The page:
Homework Help: Help w/ this force problem please

1. Oct 19, 2004

viendong

hi, i've approach the first question, but i don't know how to start w/ this question. I already have my body diagram and everything. Could someone tell me how ?
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Consider a lawnmower of weight which can slide across a horizontal surface with a coefficient of friction . In this problem the lawnmower is pushed using a massless handle, which makes an angle with the horizontal. Assume that , the force exerted by the handle, is parallel to the handle.

Take the positive x direction to be to the right and the postive y direction to be upward.
http://session.masteringphysics.com/probhtml/MFS.cf.8_a.jpg [Broken]
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The first question...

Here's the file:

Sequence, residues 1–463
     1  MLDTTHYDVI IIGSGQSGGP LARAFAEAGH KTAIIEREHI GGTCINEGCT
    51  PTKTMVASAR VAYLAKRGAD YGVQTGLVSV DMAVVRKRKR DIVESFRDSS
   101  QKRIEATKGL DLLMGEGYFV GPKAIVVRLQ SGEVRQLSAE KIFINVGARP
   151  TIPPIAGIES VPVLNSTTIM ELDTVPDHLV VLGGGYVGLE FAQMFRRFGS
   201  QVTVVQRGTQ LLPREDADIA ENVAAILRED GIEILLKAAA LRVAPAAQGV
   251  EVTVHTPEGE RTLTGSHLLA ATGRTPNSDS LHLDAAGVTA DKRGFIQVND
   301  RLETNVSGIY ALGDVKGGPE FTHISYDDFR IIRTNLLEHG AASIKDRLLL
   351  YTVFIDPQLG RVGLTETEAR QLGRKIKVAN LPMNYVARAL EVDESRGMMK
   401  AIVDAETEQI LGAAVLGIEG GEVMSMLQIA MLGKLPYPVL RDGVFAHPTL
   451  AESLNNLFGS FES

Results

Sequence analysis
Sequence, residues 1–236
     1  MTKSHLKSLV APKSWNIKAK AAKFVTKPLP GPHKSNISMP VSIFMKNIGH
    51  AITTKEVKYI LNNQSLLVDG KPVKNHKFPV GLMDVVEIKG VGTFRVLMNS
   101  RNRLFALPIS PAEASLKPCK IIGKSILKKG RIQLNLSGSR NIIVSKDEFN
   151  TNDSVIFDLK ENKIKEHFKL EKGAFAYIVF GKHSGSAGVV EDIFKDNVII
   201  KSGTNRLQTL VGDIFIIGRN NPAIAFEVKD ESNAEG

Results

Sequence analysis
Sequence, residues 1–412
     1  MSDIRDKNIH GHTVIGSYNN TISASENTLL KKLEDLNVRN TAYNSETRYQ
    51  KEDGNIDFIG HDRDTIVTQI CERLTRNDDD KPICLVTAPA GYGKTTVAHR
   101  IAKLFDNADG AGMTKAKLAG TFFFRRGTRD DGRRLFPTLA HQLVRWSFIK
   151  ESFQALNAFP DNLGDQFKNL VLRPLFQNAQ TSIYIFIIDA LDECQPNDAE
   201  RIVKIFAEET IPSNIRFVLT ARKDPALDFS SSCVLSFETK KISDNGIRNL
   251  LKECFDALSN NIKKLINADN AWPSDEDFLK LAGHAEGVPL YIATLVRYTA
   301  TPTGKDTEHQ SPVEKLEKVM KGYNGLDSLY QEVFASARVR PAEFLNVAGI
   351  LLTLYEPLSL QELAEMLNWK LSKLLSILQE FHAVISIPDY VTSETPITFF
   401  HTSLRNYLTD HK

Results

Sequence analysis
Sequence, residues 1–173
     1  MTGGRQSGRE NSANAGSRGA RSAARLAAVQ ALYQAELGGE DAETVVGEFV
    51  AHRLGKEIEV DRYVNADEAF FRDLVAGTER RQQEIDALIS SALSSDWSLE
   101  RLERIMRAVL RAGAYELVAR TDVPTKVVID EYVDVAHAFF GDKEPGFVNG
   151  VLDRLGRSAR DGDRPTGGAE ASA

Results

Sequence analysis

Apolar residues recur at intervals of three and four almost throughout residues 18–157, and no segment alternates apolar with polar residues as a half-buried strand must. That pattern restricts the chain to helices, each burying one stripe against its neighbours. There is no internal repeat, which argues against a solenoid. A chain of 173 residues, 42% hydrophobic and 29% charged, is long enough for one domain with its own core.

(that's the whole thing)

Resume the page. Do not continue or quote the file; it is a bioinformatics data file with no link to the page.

Find the magnitude Fh , of the force required to slide the lawnmower over the ground at constant speed by pushing the handle. Express the required force in terms of given quantities.
>>> For this I got
$$Fh=(-(\mu*w))/(-cos(\theta)+\mu*sin(\theta))$$
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This question I've problem with
The solution for Fh has a singularity (that is, becomes infinitely large) at a certain angle theta critical . For any angle $$\theta>\theta critical$$ , the expression for Fh will be negative. However, a negative applied force Fh would reverse the direction of friction acting on the lawnmower, and thus this is not a physically acceptable solution. In fact, the increased normal force at these large angles makes the force of friction too large to move the lawnmower at all.

Find an expression for $$tan(\theta) critical$$

Last edited by a moderator: May 1, 2017
2. Oct 19, 2004

BLaH!

The force will become infinitely large whenever the denominator of your expression for the force goes to zero. Thus, the singularity occurs at

$$\mu \sin \theta - \cos \theta = 0$$

3. Oct 19, 2004

viendong

I'm not quite understand how $$\mu \sin \theta - \cos \theta = 0$$
relate w/ $$tan(\theta critical)$$ ?

4. Oct 20, 2004

viendong

hi, i think i got it . it's 1/mu after all :)